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  • Calculate voltage, current, and magnetic fields using Faraday’s Law.
  • Explain the physical results of Lenz’s Law

Faraday’s and lenz’s law

Faraday’s experiments showed that the voltage induced by a change in magnetic flux depends on only a few factors. First, voltage is directly proportional to the change in flux Δ Φ size 12{ΔΦ} {} . Second, voltage is greatest when the change in time Δ t size 12{Δt} {} is smallest—that is, voltage is inversely proportional to Δ t size 12{Δt} {} . Finally, if a coil has N turns, a voltage will be produced that is N size 12{N} {} times greater than for a single coil, so that voltage is directly proportional to N size 12{N} {} . The equation for the voltage induced by a change in magnetic flux is

V = N Δ Φ Δ t .

This relationship is known as Faraday’s law of induction    .

The minus sign in Faraday’s law of induction is very important. The minus means that the induced voltage creates a current I and magnetic field B that oppose the change in flux Δ Φ size 12{ΔΦ} {} —this is known as Lenz’s law . Faraday was aware of the direction, but Lenz stated it so clearly that he is credited for its discovery. (See [link] .)

Part a of the figure shows a bar magnet held horizontal and moved into a coil held in the same plane. The magnet is moved in such a way that the north pole of the magnet is shown to face the coil. The magnetic lines of force are shown to emerge out from the North Pole. The magnetic field associated with the bar magnet is given as B mag. The strength of the magnetic field increases in the coil. The current induced in the coil I creates another field B coil, in the opposite direction of the bar magnet to oppose the increase. So B mag and B coil are in opposite directions. In part b of the diagram, the magnet is moved away from the coil. The magnet is moved in such a way that the north pole of the magnet is shown to face the coil. The magnetic lines of force are shown to emerge out from the North Pole. The magnetic field associated with the bar magnet is given as B mag. The current induced in the coil I creates another field B coil, in the same direction as the field of the bar magnet. So B mag and B coil are in same directions. Part c of the figure shows a bar magnet held horizontal and moved into a coil held in the same plane. The magnet is moved in such a way that the south pole of the magnet is shown to face the coil. The magnetic lines of force are shown to merge into the South Pole. The magnetic field associated with the bar magnet is given as B mag. The current induced in the coil I, creates another field B coil, in the opposite direction of field of the bar magnet. So B mag and B coil are in opposite directions.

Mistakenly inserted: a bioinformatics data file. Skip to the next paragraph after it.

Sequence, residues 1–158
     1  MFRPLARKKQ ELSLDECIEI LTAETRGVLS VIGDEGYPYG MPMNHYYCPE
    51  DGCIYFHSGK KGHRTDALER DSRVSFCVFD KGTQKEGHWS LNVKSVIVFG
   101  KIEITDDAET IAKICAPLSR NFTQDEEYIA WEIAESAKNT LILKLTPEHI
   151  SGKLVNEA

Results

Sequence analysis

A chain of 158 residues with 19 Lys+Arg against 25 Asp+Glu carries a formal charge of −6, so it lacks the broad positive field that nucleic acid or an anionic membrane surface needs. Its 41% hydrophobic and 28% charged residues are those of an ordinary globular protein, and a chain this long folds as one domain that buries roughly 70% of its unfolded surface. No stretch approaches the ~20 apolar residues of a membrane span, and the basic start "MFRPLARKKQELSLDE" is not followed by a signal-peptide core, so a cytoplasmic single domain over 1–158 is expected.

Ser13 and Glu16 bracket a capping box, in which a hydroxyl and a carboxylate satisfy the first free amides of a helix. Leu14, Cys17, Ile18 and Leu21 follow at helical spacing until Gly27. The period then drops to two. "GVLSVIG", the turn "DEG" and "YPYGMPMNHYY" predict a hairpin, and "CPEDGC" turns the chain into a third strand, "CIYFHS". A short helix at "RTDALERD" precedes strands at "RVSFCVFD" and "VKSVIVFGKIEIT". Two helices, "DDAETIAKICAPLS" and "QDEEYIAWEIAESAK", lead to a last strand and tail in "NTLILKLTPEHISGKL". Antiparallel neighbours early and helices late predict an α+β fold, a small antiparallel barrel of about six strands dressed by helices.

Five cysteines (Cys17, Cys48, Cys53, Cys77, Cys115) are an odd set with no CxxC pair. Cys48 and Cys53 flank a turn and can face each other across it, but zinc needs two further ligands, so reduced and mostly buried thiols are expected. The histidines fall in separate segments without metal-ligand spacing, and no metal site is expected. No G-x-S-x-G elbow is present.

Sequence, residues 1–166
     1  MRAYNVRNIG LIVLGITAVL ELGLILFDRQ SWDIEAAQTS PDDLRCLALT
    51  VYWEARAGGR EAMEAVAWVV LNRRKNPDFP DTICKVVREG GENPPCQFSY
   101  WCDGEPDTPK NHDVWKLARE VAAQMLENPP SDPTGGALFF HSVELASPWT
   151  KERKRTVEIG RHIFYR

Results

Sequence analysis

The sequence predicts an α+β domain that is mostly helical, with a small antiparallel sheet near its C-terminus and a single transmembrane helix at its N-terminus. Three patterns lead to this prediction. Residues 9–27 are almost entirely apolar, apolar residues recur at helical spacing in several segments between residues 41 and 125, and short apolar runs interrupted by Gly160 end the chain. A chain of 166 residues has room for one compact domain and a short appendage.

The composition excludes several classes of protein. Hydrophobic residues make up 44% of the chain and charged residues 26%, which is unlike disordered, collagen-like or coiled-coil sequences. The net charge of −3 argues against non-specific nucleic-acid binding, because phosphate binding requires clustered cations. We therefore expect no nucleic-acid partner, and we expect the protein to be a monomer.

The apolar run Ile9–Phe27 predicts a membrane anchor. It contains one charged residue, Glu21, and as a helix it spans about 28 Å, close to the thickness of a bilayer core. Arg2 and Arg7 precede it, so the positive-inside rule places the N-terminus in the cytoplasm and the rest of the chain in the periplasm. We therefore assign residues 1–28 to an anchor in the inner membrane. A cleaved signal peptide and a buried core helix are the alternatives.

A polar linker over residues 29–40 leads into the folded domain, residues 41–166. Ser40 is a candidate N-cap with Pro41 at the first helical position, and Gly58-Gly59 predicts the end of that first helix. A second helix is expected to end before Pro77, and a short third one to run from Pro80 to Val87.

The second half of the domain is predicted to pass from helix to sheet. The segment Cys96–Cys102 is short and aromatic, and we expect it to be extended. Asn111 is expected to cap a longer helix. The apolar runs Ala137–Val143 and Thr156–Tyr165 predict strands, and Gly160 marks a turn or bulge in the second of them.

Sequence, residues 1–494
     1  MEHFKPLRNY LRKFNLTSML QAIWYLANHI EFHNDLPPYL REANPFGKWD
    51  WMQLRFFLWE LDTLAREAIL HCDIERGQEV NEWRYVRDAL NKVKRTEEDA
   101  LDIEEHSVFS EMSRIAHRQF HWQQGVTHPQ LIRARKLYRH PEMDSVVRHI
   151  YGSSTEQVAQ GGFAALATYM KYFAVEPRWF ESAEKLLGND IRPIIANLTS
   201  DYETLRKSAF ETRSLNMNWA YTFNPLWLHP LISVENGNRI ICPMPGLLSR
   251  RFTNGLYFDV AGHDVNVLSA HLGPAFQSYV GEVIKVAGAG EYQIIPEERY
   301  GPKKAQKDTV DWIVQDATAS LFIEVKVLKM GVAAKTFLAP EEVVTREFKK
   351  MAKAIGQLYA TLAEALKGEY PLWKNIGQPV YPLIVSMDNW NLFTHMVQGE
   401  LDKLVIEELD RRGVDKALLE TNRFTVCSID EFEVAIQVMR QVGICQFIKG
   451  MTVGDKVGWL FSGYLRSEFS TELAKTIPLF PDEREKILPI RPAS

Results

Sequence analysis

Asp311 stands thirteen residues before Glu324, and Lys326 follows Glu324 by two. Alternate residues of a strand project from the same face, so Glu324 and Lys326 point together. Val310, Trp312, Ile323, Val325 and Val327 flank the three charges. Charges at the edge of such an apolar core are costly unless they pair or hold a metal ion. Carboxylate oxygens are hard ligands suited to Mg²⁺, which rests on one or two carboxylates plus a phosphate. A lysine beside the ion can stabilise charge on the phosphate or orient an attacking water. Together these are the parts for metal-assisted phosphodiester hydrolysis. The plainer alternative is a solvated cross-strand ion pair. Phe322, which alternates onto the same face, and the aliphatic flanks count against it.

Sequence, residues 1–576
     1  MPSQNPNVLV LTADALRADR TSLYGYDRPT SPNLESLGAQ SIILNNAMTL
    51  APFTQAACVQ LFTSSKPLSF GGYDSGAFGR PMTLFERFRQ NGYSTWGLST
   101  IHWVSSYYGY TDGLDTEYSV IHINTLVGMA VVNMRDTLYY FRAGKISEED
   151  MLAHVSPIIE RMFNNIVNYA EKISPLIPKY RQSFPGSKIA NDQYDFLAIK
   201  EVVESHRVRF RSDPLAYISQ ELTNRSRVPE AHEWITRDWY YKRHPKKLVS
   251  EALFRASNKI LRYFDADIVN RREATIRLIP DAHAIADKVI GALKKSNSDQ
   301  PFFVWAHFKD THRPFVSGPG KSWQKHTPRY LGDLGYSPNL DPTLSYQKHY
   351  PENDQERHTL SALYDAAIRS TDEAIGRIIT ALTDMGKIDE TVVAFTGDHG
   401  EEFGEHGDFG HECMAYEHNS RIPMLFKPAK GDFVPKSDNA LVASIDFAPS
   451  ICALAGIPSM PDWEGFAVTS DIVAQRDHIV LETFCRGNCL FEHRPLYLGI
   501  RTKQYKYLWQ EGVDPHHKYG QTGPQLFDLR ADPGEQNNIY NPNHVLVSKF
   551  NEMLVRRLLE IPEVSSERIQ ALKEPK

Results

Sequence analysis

(a) When this bar magnet is thrust into the coil, the strength of the magnetic field increases in the coil. The current induced in the coil creates another field, in the opposite direction of the bar magnet’s to oppose the increase. This is one aspect of Lenz’s law—induction opposes any change in flux . (b) and (c) are two other situations. Verify for yourself that the direction of the induced B coil size 12{B rSub { size 8{"coil"} } } {} shown indeed opposes the change in flux and that the current direction shown is consistent with RHR-2.

Applications of electromagnetic induction

There are many applications of Faraday’s Law of induction, as we will explore in this chapter and others. At this juncture, let us mention several that have to do with data storage and magnetic fields. A very important application has to do with audio and video recording tapes . A plastic tape, coated with iron oxide, moves past a recording head. This recording head is basically a round iron ring about which is wrapped a coil of wire—an electromagnet ( [link] ). A signal in the form of a varying input current from a microphone or camera goes to the recording head. These signals (which are a function of the signal amplitude and frequency) produce varying magnetic fields at the recording head. As the tape moves past the recording head, the magnetic field orientations of the iron oxide molecules on the tape are changed thus recording the signal. In the playback mode, the magnetized tape is run past another head, similar in structure to the recording head. The different magnetic field orientations of the iron oxide molecules on the tape induces an emf in the coil of wire in the playback head. This signal then is sent to a loudspeaker or video player.

Photograph of the electronic components of playback heads used with audio and video magnetic tapes.
Recording and playback heads used with audio and video magnetic tapes. (credit: Steve Jurvetson)

Similar principles apply to computer hard drives, except at a much faster rate. Here recordings are on a coated, spinning disk. Read heads historically were made to work on the principle of induction. However, the input information is carried in digital rather than analog form – a series of 0’s or 1’s are written upon the spinning hard drive. Today, most hard drive readout devices do not work on the principle of induction, but use a technique known as giant magnetoresistance . (The discovery that weak changes in a magnetic field in a thin film of iron and chromium could bring about much larger changes in electrical resistance was one of the first large successes of nanotechnology.) Another application of induction is found on the magnetic stripe on the back of your personal credit card as used at the grocery store or the ATM machine. This works on the same principle as the audio or video tape mentioned in the last paragraph in which a head reads personal information from your card.

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Source:  OpenStax, Concepts of physics. OpenStax CNX. Aug 25, 2015 Download for free at https://legacy.cnx.org/content/col11738/1.5
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